A lot of survivors of sexual and physical abuse feel they need to confront someone about it. Face down the perpetrator and tell him (usually him) – tell him what? That what he did was wrong. That it was hurtful and did substantial harm.

I imagine it could amazingly empowering to do that. Although the response may be further denial and anger, which could be traumatic. To hold one’s own against such responses would be a big deal. And confrontation could provide a chance for remorse and repair of the relationship — I guess that would be everyone’s dream, that the perpetrator would have an opportunity to open and soften, to repent. And the survivor might be able to let go in a new way, seeing and feeling the new responsiveness in the other.

I didn’t have that chance, since my father was dead before I remembered what he did. But my mother was still alive. When she received the diagnosis of colon cancer that we knew was a death-sentence, I had to decide whether to confront her tacit collusion or let it be. I chose to let it be. It felt like a combination of cowardice and wisdom. The cowardice... of course I imagined she’d deny it all over again or minimize it: “What are you talking about? How could you accuse him of such a thing? He loved you.” or “Oh, he was just being a man.” or “But it didn’t really do you any harm — see, you grew up fine.”

The wisdom part... my therapist asked me, “What would you hope to gain?” In my dream, I said then, my mother would acknowledge the fact of the abuse. She’d acknowledge the hurt of it. She’d comfort me and apologize. She’d act like a protective, warm mother.

How likely was that? Knowing her, she might have been able to acknowledge the fact, but what would have followed would not have been comfort for me — it would have been her overwhelming guilt and shame. She was too scared to be protective as I was growing up. She never had been warm — too scared for that, too. So it wasn’t in the cards that I’d receive what the wounded child inside me so keenly desired — the lost love and protection of a good mother.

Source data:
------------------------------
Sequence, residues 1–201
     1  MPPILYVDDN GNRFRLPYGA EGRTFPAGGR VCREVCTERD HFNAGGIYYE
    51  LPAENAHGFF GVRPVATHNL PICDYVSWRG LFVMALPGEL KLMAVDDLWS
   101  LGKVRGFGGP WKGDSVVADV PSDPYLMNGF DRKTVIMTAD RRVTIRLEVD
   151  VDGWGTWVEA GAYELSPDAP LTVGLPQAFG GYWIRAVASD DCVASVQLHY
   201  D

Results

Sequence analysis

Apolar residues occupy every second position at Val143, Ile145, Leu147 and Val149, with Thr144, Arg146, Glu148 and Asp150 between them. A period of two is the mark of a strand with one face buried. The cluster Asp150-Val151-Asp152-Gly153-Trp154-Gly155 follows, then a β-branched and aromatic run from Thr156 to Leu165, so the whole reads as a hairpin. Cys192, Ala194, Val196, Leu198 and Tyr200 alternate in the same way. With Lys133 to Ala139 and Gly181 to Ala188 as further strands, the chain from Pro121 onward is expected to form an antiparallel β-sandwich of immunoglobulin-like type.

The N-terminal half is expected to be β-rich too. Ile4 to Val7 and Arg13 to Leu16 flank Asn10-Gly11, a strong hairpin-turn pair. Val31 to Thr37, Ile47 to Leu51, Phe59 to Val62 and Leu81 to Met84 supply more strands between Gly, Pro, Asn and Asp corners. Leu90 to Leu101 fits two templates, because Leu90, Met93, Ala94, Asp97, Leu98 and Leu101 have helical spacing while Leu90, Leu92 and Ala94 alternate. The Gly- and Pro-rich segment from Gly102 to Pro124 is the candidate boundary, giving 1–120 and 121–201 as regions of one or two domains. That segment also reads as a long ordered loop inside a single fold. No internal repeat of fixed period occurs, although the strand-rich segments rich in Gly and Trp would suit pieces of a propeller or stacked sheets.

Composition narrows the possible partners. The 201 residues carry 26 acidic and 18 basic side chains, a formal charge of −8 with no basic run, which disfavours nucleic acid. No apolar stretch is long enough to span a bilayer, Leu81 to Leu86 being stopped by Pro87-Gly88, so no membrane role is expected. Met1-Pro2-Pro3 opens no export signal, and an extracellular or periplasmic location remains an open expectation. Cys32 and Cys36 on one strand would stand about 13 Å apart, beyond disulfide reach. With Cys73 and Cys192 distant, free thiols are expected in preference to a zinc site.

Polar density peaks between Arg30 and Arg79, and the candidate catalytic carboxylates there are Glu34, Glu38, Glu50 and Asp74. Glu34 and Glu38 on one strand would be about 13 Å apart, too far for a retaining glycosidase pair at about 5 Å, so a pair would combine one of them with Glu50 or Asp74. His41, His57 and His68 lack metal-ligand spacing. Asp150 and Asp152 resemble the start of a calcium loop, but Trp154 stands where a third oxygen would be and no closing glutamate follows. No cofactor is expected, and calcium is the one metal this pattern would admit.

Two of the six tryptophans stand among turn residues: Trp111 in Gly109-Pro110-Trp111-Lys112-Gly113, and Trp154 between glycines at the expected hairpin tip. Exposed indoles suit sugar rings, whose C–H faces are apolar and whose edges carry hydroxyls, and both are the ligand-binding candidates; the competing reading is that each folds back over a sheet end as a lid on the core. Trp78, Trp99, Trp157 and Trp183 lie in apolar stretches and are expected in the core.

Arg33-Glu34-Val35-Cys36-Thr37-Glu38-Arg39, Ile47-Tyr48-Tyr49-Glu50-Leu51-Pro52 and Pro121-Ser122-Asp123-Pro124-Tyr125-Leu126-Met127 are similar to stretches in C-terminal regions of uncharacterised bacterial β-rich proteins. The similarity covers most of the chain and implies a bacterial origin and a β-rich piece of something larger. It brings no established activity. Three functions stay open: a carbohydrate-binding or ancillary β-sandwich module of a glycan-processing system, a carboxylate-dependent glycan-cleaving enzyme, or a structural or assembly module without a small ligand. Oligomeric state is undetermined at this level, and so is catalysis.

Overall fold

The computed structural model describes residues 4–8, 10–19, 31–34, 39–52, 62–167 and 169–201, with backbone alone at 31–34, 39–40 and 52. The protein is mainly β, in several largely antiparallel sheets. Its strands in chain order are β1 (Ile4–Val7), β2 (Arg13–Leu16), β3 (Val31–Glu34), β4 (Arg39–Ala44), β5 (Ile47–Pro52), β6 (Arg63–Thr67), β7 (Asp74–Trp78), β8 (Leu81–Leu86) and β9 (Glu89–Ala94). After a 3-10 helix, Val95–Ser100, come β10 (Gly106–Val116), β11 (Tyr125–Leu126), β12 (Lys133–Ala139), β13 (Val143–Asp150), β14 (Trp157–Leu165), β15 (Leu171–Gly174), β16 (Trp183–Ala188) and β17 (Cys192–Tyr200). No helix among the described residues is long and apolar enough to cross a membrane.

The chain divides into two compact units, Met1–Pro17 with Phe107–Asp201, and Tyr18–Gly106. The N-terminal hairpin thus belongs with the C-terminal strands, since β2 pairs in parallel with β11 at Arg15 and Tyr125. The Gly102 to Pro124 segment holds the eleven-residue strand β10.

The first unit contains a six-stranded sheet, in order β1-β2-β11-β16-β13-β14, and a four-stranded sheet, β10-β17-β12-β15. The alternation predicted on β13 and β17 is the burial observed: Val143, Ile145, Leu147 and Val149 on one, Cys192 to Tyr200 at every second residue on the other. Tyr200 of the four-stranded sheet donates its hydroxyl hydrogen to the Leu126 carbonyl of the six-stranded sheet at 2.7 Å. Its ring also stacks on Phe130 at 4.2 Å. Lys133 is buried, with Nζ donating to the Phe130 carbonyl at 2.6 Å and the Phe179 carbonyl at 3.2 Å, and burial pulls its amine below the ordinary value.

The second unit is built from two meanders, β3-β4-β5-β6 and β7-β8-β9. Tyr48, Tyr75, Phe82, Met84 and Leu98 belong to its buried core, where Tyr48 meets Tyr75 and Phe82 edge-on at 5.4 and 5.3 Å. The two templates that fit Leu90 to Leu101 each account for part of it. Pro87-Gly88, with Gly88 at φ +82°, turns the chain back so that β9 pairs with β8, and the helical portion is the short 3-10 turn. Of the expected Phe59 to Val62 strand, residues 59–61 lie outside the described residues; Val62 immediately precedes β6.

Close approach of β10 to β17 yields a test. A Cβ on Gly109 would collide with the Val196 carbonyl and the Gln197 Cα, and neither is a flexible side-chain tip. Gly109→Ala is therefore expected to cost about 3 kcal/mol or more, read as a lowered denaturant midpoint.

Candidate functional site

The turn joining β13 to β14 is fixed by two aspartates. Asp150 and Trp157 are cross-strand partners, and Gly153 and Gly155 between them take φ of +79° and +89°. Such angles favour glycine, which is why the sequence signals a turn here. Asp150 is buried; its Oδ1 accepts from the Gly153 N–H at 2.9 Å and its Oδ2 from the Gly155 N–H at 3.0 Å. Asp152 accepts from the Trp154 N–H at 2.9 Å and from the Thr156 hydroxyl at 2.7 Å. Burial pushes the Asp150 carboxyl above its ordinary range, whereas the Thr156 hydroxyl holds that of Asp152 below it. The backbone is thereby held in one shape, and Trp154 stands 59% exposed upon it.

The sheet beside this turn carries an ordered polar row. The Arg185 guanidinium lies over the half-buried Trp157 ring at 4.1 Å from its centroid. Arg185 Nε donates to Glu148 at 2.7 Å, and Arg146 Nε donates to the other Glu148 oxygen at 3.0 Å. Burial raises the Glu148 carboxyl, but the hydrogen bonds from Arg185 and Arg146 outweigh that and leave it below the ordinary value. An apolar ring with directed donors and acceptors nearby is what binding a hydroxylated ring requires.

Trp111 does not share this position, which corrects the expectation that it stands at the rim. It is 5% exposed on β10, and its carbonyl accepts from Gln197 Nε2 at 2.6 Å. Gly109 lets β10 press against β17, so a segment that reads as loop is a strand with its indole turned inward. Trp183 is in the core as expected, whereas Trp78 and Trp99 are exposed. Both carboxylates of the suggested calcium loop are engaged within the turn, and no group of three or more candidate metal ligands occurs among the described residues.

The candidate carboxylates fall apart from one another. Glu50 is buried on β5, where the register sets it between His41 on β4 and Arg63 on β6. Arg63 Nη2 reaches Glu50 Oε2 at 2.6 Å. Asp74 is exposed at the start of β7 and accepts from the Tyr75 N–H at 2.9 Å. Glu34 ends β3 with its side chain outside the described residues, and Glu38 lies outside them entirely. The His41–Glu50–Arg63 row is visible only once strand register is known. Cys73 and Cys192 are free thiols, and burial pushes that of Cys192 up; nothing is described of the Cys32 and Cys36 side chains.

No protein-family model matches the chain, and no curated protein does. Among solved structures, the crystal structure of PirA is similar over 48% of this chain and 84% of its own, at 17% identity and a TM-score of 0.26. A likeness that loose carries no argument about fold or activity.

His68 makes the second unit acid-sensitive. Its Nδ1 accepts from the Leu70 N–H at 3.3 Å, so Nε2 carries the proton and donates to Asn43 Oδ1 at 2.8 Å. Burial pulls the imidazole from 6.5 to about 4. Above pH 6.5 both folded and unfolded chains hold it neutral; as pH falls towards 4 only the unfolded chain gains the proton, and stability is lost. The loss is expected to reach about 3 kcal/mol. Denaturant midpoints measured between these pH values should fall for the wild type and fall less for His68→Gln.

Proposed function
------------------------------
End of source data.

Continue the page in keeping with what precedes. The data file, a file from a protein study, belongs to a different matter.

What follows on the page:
... and as I say this, it’s not with bitterness. She did her best, the best of a woman who was timid by nature and brought up to hardship and limitation. She loved me the absolute best she could and manifested that love in gifts and praise.

So I did not confront my mother. I still can’t tell you if that was the right decision, but it did make something clear to me: Healing is not the same as confrontation. The movement that needed to happen was inside me, not out there in the world. I had to soften towards my self, acknowledge that the hurt would always be a part of me, find comfort and love inside my own psyche. In a strange, paradoxical movement, my inner confrontation released me to growth and joy.

Author's Bio: 

JANE ROWAN is a survivor of childhood trauma and betrayal, and is passionate about sharing her healing experiences, including Inner Child work. She is the author of the self-help booklet Caring for the Child Within--A Manual for Grownups, a concise, powerful guide to nurturing your Inner Child, available through her website. 
Jane is a Ph.D. and retired college professional who has published numerous articles and poems. Her memoir-in-progress about her healing from sexual abuse is tentatively titled The River of Forgettingwww.janerowan.com is her website.